National Geographic's 19,375 square-foot store on major shopping row Regent Street features a travel desk where visitors can book expeditions with the magazine's photographers and explorers, as well as interactive visual displays, a travel and cartographic library, a tapas café, gallery space and a marketplace that doubles as an events venue after store hours. Customers can also try on apparel in the store's "climate room," a product-testing chamber featuring wind gusts and extreme temperature changes.
The store, created in partnership with Worldwide Retail Store, brings together products and services that the brand has cultivated over the past 10 years. In that time, Nat Geo has expanded into licensed apparel, travel packages, film, television and more than 30 foreign language editions of the mag.
"We believe the merchandising business is a way to reach new audiences, both younger and all family audiences," says John Dumbacher, SVP/licensing for National Geographic. "The store really celebrates world cultures and is a way to experience National Geographic in 3D that's unlike what we're able to do on television, in documentary film or in the magazine." Dumbacher says a second store will open in Singapore and dozens more are planned across Europe.
The Italian architecture firm April, led by architect Francesco Tiribelli, designed the space. The exposed-structure space has polished concrete floors and is painted black like black-box theaters, so the design could allow for monthly changes like in the magazine, Dumbacher says. The store is largely furnished with antiquities, one-of-a-kind pieces and furniture made from reclaimed wood, all of which is for sale. Net profit from the store goes to education and conservation, like all Nat Geo endeavors.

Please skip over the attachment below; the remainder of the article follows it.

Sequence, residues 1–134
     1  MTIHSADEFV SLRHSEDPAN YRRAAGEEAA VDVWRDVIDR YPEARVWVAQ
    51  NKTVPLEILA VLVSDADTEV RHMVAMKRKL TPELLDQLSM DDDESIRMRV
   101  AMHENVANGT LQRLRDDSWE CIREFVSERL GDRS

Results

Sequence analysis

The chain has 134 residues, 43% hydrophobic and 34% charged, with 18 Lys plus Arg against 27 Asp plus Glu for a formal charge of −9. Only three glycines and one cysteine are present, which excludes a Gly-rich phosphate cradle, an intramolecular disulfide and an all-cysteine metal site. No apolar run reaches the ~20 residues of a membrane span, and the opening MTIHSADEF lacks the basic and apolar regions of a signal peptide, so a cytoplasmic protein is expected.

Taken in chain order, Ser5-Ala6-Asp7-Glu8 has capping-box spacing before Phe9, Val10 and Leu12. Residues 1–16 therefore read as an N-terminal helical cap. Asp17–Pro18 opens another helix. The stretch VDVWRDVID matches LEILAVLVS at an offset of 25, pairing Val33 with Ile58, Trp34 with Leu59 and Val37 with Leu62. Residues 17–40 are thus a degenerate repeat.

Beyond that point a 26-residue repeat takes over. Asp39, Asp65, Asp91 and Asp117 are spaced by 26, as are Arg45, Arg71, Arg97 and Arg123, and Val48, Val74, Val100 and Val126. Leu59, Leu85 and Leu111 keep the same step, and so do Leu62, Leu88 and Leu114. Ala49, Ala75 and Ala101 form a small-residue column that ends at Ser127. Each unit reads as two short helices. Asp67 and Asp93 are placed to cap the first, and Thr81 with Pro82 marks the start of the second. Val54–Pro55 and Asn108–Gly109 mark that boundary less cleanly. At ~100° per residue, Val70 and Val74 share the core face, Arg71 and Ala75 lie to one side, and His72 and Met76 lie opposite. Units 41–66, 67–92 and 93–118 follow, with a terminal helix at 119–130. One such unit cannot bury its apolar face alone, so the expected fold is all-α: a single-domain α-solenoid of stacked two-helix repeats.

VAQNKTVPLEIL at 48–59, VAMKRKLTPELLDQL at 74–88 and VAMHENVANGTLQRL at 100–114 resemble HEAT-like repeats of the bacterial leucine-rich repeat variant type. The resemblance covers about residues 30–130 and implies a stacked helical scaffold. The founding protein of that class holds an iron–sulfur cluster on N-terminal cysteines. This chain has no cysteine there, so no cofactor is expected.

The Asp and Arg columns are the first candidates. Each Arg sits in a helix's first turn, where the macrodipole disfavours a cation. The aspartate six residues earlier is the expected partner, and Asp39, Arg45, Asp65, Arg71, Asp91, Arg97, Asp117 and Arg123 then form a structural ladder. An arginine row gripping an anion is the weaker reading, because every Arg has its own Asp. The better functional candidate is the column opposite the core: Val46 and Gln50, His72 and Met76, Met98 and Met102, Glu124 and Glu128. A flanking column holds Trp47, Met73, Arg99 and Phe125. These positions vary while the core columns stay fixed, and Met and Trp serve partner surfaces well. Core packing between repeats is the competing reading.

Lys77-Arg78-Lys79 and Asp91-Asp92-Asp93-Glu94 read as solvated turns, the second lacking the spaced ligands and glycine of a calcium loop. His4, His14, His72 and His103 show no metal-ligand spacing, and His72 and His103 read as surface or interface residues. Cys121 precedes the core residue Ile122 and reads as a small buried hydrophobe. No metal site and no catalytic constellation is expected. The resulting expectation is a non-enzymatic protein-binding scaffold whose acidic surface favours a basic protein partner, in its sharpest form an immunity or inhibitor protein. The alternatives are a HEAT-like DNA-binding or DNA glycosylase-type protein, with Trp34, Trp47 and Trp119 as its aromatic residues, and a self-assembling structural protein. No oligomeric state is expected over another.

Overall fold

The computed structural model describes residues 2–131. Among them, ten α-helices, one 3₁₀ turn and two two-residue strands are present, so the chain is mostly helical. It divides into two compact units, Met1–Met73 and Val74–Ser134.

Similarly, Monocle magazine set up a shop in London's Marylebone to showcase its existing retail partnerships with Comme des Garçons, Porter, Artek and Drakes London. Prior to the shop's opening, these products, including perfume, bags, a stool and scarves, were available via the Monocle website and through select retailers. The tiny shop—only 100 square feet—was designed by the Monocle team and will also feature curated products from around the world as well as back issues of the magazine since its launch in early 2007.